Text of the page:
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Reading "tikz Multi-segment Line of Varying Thickness" provides a good explanation to join segments, but it seems that the rounded corner transition is the only way to do this nicely?

I would like to join segments of different thickness with a nice sharp miter, getting similar results in the case of these two:

Lines of the same thickness have a nice miter:

\draw [very thick] (0.45,-0.2) to (0.45,0.17) to (0.75,-0.17) to (0.75,0.2);

But if I try to join a thick line to a thin line, there is an artifact:

\draw [very thick] (1.3,0.2) to (1,0) to (1.3,-0.2);
\draw (1,0) to (1.3,-0.2) to (1.3,0.2) to (1,0);    

nice miter same thickness, but nasty joints between two

The resulting mitre would appear thus (except not edited by hand):

desired mitre

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Welcome to TeX.SE. –  Peter Grill Feb 3 at 3:58
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3 Answers

up vote 15 down vote accepted

This is a work around using \clip.

\documentclass{article}
\usepackage{tikz}

\begin{document}
\begin{tikzpicture}
  \clip (1.3,0.2) -- (1,0) -- (1.3,-0.2) -- (1.3,0.2) -- cycle;
  \draw [line width=2pt] (1.3,0.2) to (1,0) to (1.3,-0.2);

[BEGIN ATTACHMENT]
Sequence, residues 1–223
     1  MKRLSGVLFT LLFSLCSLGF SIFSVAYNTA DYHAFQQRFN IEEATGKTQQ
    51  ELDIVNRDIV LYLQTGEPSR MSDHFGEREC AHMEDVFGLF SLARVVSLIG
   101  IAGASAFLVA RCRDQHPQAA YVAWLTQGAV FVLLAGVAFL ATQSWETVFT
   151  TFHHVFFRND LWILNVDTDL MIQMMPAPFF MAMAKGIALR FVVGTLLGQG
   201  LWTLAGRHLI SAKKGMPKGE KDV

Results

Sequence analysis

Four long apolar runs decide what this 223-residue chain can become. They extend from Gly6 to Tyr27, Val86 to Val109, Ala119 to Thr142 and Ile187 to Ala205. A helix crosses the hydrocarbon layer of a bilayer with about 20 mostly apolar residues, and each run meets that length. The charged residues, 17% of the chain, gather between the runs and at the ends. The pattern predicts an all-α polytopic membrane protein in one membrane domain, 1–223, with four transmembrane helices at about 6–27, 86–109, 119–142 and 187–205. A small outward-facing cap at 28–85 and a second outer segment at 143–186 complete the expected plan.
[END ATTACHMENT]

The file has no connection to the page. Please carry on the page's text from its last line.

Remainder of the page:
\draw (1.3,-0.2) to (1.3,0.2);
\end{tikzpicture}
\end{document}

enter image description here

Note that a line width of 2pt will give a resultant line width of 1pt as the other part is clipped off. So you have to adjust properly.

If this forms a part of bigger diagram, the \clipping part may be enclosed in a scope so as to limit the clipping:

\begin{scope}
   \clip (1.3,0.2) -- (1,0) -- (1.3,-0.2) -- (1.3,0.2) -- cycle;
   \draw [line width=2pt] (1.3,0.2) to (1,0) to (1.3,-0.2);
   \draw (1.3,-0.2) to (1.3,0.2);
\end{scope}
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1  
This seems to be the correct solution. –  Alain Matthes Feb 3 at 9:13
    
This is much simpler than any workaround I would have come up with (in a reasonable time frame). Too bad this result has to be rent by brute force. –  repurposer Feb 4 at 2:45
    
It might be good to mention the clip command affects any code coming after as well. Wrapping the snippet in \begin{scope}...\end{scope} seems to keep things contained. –  repurposer Feb 4 at 3:13
    
@repurposer: It is evident. I wasn't aware of the entire picture you are trying to draw. I have added the details. Thanks. –  Harish Kumar Feb 4 at 4:25
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I would recommend you use line cap=round along with line join=round, and a slight xshift to connect these. Here is a before and after comparison:

enter image description here

References:

Notes:

  • Also in the original version, you were not just drawing a thin line, you were actually drawing over the thick lines as can be seen by using the color red option to the very thick line:

enter image description here

Code:

\documentclass{article}
\usepackage{tikz}

\begin{document}
\begin{tikzpicture}

\draw [very thick] (1.3,0.2) to (1,0) to (1.3,-0.2);
\draw (1,0) to (1.3,-0.2) to (1.3,0.2) to (1,0);  

\begin{scope}[xshift=0.5cm, draw=blue]
\draw [line cap=round, line join=round, very thick] (1.3,0.2) -- (1,0) -- (1.3,-0.2);
\draw [line cap=round, shift={(0.1ex,0)}] (1.3,-0.2) to (1.3,0.2);  
\end{scope}
\end{tikzpicture}
\end{document}